Back to Mark 7, Jesus has entered the early fame section of his ministry. In a land without walk-in clinics, ER’s and Dr. Jim’s, the people stuggle to find healing. Some things could be attended to at home, and you hoped for the best, and other things required the kind of care that simply did not exist. When people heard that a powerful healer was about, they raced to see if it was true.

Before I say more, I should mention that St. Mark is writing before the invention of sociology. One of the disturbing aspects of this passage, and a reason why few will preach it this morning, is the shift in understanding that came about in the 1960’s and 1970’s regarding disability. Under the social model of disability, theorists demanded that we look less at the disabled individual and more at the society that surrounds the individual. What barriers do we erect? What misaprehensions do we possess? And to what extent do we regard disability as an illness that we expect might cure? So there was a definite shift in understading, and it has a direct impact on Mark 7.

Clearly the deaf man’s friends were operating out of the older model, and Jesus being Jesus had the power of heaven at his disposal, and so a transformation takes place. I hesitate to even use the word ‘healing,’ since that harkens back to the ‘disability as illness’ model, so I will use transformation. The power of God is fully present in Jesus, he touches the man, and everything changes.

Newly loosed, the man began to speak plainly. And here again we see an onging theme in the gospels, or at least the first three gospels, whereby Jesus performs some miracle and then demands that no one be told. Does it work? Of course not. How could the sick be healed and storm be stilled and the dead be raised and no one tell the story? How could Jesus possible expect a loosed tongue repress the good news that demanded to be shared?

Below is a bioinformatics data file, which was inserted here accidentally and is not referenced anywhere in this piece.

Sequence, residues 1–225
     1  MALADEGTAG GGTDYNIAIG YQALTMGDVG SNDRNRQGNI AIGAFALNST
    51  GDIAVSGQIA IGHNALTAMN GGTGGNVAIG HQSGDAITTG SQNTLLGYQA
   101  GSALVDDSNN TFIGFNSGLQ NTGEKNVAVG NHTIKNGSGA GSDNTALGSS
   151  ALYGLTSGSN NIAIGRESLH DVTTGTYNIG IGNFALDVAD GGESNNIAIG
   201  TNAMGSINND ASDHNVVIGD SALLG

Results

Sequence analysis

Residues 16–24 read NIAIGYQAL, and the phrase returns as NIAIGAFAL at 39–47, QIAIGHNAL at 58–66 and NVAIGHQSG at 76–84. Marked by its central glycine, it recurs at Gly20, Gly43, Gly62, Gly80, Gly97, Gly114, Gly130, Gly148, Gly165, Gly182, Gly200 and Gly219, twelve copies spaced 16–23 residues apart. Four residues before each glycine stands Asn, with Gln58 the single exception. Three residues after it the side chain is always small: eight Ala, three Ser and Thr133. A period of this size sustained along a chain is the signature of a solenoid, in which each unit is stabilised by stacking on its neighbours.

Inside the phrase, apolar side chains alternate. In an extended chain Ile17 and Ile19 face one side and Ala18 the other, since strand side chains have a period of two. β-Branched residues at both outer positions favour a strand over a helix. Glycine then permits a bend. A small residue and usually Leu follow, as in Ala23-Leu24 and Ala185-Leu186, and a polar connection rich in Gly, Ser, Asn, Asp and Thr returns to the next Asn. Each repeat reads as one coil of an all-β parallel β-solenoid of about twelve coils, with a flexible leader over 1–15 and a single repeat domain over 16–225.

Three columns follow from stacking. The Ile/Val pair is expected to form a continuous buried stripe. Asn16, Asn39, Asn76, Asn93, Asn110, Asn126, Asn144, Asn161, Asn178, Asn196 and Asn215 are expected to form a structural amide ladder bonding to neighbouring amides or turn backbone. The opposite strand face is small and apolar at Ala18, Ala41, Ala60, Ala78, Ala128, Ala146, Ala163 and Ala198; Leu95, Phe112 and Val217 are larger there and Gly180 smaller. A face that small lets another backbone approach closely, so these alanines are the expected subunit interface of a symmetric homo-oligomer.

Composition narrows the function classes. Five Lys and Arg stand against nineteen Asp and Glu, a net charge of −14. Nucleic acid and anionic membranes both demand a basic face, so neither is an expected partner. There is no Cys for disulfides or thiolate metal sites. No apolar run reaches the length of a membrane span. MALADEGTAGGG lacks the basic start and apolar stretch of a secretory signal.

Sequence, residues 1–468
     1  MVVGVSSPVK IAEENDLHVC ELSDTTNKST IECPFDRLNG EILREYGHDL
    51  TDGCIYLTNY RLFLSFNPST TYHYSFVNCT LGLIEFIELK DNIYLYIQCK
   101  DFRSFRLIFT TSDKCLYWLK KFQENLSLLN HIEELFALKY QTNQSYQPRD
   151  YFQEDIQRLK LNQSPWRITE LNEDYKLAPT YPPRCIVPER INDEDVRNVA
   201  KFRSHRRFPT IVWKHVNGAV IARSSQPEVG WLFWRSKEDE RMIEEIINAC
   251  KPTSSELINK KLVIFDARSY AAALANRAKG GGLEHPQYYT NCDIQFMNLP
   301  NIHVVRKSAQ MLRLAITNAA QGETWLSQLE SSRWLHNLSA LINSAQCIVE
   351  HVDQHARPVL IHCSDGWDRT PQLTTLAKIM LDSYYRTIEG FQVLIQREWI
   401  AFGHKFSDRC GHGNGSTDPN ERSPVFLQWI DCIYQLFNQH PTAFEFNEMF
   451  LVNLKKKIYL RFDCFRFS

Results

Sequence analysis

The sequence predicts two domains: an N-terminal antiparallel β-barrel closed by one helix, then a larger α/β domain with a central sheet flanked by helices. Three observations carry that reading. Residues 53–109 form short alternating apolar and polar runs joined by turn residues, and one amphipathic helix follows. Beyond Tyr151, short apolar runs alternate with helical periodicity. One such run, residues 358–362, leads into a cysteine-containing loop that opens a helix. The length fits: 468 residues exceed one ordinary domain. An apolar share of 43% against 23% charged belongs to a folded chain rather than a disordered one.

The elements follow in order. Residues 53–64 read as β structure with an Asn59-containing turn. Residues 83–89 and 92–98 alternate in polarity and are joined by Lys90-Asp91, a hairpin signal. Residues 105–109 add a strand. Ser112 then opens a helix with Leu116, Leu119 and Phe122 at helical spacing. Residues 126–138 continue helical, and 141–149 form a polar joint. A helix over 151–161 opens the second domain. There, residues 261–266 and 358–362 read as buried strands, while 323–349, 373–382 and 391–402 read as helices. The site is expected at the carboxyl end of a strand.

Even Jesus seemed to know that this was impossible. Luke 19: Some of the Pharisees called to Him from the crowd, “Teacher, rebuke Your disciples.” But He answered and said to them, “I tell you that if these should keep silent, the stones would immediately cry out.” Matthew 10: “What I tell you in the dark, speak in the daylight; what is whispered in your ear, proclaim from the rooftops.” And in Mark 10, Bartimaeus begins shouting before he is healed, so much so that the crowd turns on him and demands he be quiet. Yet still he shouts the words “Son of David, have mercy on me” and Jesus hears.

So there is lots of loosing and lots of shouting and lots of healing. Recalling that what is loosed on earth is also loosed in heaven (Matthew 16) we can begin to construct a bit of mission here, whereby the God of loosing is looking in on our lives and imagining the many ways and place we could use some loosing too. Some are bound, and need loosing.

Someone nearby, maybe even here, is bound by addiction or habit and needs loosing.

Someone nearby, maybe even here, can’t let go of a decades old hurt that is as real now as then.

Someone nearby, maybe even here, has a house that is filling and filling with stuff and may be full before long.

Someone nearby, maybe even here, can’t begin the day without checking their bank balance and can’t say why.

Someone nearby, maybe even here, is bound by a false sense of self, a sense of self that would suprise most if they knew.

Someone nearby, maybe even here, is wanting to be unbound, wanting to be loosed through the power of God present in Jesus the Christ, and is stuggling to find the words that are already known in heaven.

Jesus refused to rebuke his followers, the ones who shouted “Glory to God in the highest. Blessed be the one who comes in the name of the Lord,” knowing full well that if they stopped shouting, if their tongues were no longer loosed, then on that day, on that very day, the stones themselves would shout. May the shouting continue even now, now and always, Amen.